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Patient Voices: Caring for vulnerable babies: the reorganisation of neonatal services in England

Caring for vulnerable babies: the reorganisation of neonatal services in England

These stories are a collaborative project between the National Audit Office and Pilgrim Projects, created to accompany the NAO report: Caring for vulnerable babies: the reorganisation of neonatal services in England.

Full of beans
Sam is initially told that she isn’t in labour, but baby Harry is born several hours later, several weeks early. As Sam is recovering from the shock of this birth, the consultant cautions her about the likelihood of further premature births…

Thank you very much
No-one is prepared for Evie’s arrival, least of all the hospital. Eventually an incubator is found and gives Evie a good start in life – just in time for her heart operation. An overdose delays her recovery but she is now the apple of her parents’ eyes, and her grin belies her introduction to the world.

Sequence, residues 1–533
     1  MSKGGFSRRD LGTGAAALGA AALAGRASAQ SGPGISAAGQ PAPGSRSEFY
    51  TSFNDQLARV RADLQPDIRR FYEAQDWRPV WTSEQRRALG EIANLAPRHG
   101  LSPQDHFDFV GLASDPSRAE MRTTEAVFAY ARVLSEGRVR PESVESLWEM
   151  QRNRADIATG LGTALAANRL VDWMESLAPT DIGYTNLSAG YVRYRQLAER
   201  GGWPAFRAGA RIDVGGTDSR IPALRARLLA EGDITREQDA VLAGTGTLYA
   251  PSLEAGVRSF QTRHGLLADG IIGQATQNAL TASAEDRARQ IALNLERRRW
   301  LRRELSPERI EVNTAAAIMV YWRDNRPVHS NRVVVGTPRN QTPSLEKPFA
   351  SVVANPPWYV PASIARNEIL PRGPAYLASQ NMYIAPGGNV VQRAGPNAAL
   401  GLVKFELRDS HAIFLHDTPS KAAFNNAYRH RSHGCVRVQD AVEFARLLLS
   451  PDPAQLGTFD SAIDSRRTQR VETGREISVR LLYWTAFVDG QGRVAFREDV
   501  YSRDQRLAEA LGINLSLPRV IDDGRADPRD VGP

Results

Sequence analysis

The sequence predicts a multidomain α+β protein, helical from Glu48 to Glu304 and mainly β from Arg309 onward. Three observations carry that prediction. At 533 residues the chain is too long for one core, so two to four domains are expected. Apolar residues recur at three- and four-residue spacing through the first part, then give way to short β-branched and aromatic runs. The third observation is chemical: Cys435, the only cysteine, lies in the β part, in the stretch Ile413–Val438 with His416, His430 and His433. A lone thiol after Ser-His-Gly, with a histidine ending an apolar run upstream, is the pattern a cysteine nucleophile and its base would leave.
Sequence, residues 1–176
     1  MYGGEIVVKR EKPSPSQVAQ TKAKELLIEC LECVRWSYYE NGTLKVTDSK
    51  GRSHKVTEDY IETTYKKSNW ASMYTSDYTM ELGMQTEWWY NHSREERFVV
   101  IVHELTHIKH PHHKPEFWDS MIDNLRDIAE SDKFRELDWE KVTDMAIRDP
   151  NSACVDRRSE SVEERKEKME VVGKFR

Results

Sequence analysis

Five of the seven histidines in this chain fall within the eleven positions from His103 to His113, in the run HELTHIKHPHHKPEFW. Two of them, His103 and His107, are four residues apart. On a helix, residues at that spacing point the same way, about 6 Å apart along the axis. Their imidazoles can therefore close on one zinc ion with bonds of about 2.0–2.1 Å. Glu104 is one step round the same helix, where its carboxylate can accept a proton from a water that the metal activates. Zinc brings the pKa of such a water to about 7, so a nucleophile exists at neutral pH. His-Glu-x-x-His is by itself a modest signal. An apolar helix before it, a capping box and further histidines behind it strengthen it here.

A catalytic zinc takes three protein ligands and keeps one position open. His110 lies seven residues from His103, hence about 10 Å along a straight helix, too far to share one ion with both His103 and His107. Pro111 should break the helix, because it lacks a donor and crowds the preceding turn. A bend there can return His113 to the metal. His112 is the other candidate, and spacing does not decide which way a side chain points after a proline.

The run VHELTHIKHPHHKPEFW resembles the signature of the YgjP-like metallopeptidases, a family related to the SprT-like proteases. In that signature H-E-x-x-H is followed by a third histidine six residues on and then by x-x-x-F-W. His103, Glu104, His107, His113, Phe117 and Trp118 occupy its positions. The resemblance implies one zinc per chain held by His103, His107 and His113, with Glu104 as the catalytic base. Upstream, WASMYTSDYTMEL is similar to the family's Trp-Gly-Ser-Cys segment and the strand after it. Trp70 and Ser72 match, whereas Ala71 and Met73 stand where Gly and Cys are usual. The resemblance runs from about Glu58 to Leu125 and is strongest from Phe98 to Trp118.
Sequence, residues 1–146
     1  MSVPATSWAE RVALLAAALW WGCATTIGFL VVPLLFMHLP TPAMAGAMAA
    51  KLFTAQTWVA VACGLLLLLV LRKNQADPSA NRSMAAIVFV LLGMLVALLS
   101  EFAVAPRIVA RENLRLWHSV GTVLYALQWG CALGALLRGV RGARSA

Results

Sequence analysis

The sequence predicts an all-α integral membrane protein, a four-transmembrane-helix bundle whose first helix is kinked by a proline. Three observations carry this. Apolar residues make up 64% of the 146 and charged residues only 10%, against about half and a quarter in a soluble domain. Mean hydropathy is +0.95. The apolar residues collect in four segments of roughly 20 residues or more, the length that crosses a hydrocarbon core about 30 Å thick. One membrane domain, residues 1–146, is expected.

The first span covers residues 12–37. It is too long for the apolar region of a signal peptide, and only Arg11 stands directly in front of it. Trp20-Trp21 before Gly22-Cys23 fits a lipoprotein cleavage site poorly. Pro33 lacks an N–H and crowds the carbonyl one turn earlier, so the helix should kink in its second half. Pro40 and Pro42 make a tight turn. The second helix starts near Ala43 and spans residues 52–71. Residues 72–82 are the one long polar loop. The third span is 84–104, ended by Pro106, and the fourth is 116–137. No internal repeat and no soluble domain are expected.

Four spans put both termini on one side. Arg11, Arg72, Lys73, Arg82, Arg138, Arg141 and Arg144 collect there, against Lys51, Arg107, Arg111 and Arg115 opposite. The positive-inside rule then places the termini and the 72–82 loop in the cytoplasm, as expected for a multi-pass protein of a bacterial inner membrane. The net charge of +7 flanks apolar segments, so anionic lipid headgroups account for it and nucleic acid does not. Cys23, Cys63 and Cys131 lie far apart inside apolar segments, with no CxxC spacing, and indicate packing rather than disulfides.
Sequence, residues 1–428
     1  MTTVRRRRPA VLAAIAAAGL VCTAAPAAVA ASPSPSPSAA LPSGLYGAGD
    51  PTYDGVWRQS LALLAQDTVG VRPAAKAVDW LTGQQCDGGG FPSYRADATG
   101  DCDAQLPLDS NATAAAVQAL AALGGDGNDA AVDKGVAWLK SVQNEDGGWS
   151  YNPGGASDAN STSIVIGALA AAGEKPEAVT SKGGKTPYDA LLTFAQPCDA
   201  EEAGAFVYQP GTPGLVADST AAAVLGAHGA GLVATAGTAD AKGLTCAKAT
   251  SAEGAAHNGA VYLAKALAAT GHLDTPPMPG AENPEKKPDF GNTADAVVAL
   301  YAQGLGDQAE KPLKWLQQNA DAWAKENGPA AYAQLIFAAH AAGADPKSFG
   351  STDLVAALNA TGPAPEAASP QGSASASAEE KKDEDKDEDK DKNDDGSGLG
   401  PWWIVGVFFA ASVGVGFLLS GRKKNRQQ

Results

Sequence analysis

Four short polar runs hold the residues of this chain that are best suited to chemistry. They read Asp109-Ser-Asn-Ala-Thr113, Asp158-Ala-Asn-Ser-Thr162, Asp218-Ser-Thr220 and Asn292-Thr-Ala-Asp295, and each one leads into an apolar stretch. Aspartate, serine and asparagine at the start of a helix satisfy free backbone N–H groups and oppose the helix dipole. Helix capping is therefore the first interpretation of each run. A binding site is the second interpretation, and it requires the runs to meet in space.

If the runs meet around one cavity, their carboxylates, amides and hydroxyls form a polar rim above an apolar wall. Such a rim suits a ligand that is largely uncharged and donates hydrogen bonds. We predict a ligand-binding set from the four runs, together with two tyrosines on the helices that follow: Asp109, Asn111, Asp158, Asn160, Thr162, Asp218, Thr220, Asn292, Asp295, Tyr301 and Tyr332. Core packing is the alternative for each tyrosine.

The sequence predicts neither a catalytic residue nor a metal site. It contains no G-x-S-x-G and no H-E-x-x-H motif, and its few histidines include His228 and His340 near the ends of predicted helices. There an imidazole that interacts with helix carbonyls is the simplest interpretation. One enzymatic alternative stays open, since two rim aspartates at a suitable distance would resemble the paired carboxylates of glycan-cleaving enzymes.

I am very lucky
Despite the shock of Orlando’s early birth, Michelle is expected to get on with things like breastfeeding – which can be incredibly difficult when you are recovering from a traumatic birth and attempting to feed a very premature baby.

The third time…
Despite having had two premature babies, nobody paid attention when Clare expressed concerns that her third child might also be born early. Even after Kaitlyn was born at 30 weeks, Clare’s concerns continue to go unheard and it is some time before she even feels able to touch her tiny baby.

Two for the price of one
Sharon is expecting twins, but she isn’t expecting them to be quite so early. 14 weeks in hospital and fantastic medical care have resulted in two healthy and happy little girls.

A fighter from the start
It took Jane more than 20 years to have a baby. Luke has clearly inherited his mother’s determination and, despite being born so early, he fights for life, and manages to survive operations and overdoses to become a robust little boy!

When the clock stopped
Giving birth prematurely can be a traumatic experience. Carol was very ill when her second daughter was born at 28 weeks and it was several days before she was able to see and hold her child. The effects on her family and her older daughter were enormous.

Nothing but the baby in my tummy
When Paula comes to England from Portugal in search of a better life, nothing prepares her for a diagnosis of a life-threatening disease, or for the birth of a premature baby. With the help of the medical profession, and the interpreters, mother and baby have both survived.

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